I designed the Creation Cart – a mobile arts and crafts instruction table – to be a part of free produce markets within the nonprofit Philabundance, the region’s largest hunger relief organization. These produce markets, called Fresh For All, take place weekly across the City of Philadelphia. People in need line up sometimes hours in advance, to get free portions of fresh fruits and vegetables from Philabundance. With the idea that learning an artistic skill and creating a piece of art can have a lasting impact on those in need, the Creation Cart would not only give community members something to do while waiting but also build their resilience. Since my husband works at Philabundance, my plan after creating my business pitch for class, was to pitch the Creation Cart to Philabundance and work together to make this a part of their Fresh For All program.
The next step was for me to see a Fresh For All first hand to get a better feel for the customers in person and to see the logistics of the market. So, I worked a volunteer shift at the nearest Fresh For All – South Philadelphia. It was great being able to interface with community members and see their food needs being met. What I did not expect, however, was the fact that nearly all of the customers at this Fresh For All were immigrants who did not speak English. How could I teach an art technique and lead a meaningful conversation with people I could not communicate with verbally? At the time I was also 6 months pregnant, so with a roadblock in front of the Creation Cart and an upcoming shift in my life focus, my goals for making the Cart a reality fell to the wayside.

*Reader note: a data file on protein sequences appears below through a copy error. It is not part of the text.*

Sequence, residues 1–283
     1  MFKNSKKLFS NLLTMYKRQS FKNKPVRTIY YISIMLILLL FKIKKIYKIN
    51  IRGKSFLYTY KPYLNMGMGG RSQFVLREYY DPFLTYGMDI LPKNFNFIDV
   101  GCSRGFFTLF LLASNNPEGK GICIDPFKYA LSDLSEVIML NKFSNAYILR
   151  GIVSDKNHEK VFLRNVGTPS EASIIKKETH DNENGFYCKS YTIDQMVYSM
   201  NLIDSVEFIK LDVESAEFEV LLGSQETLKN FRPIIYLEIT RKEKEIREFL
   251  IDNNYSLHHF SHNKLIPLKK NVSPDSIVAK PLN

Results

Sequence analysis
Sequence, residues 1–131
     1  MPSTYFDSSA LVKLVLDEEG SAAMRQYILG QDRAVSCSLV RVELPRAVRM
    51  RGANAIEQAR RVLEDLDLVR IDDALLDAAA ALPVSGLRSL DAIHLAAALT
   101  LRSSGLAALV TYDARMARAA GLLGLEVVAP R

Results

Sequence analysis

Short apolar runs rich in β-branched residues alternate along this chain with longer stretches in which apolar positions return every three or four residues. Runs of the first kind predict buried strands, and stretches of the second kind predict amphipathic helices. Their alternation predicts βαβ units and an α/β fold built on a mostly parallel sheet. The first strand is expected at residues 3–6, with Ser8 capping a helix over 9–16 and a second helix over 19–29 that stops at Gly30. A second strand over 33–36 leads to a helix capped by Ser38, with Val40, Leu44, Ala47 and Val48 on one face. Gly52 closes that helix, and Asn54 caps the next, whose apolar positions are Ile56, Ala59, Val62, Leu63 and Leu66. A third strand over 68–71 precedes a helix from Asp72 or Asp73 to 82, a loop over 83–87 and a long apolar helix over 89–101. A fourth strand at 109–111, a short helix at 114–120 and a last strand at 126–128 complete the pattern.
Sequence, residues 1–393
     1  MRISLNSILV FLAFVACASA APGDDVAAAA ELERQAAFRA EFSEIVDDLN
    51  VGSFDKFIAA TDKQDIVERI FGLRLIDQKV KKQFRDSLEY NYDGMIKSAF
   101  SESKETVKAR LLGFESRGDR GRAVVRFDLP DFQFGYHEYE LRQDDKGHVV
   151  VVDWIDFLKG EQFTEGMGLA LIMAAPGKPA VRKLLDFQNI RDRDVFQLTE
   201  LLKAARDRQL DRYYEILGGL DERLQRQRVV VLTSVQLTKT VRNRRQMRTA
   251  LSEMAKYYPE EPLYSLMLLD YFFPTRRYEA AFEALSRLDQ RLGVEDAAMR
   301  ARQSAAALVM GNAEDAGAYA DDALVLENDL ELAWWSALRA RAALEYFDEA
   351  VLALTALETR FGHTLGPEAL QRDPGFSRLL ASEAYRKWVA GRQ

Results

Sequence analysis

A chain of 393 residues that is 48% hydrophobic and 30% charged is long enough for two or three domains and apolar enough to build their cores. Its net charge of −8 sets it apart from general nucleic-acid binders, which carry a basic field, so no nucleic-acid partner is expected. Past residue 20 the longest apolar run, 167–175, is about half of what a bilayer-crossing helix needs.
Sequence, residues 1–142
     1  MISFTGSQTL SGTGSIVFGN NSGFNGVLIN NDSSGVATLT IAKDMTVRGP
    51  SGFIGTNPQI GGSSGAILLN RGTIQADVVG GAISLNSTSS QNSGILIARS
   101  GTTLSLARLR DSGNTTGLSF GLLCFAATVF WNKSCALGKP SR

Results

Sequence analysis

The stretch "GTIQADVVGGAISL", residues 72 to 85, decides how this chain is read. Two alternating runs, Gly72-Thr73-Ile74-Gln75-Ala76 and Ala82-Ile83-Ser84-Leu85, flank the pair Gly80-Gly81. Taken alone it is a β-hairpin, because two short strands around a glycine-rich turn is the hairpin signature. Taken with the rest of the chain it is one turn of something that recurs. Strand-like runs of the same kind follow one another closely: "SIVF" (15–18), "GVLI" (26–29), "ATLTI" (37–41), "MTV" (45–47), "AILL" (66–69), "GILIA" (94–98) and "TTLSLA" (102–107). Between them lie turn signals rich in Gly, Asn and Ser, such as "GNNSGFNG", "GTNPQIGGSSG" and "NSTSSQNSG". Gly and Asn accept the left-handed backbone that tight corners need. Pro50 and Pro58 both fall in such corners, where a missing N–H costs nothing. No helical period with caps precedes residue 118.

However, about a year later, a classmate of mine from Neville’s class, Alanna Garavaglia, was bringing an enterprise of her own to life – a farmers market in her community of Morris Plains, that also brought in a youth music group and other arts opportunities. She reached out and asked if I would be interested in bringing the Creation Cart to the farmers market and provide customers with the opportunity to Create. It was a long drive, but I could not resist the opportunity to see the Creation Cart in action. I set up the Creation Cart as an art station instead of walking it around as I would at Fresh For All, and I was able to interact with a handful of kids interested in making food-related art.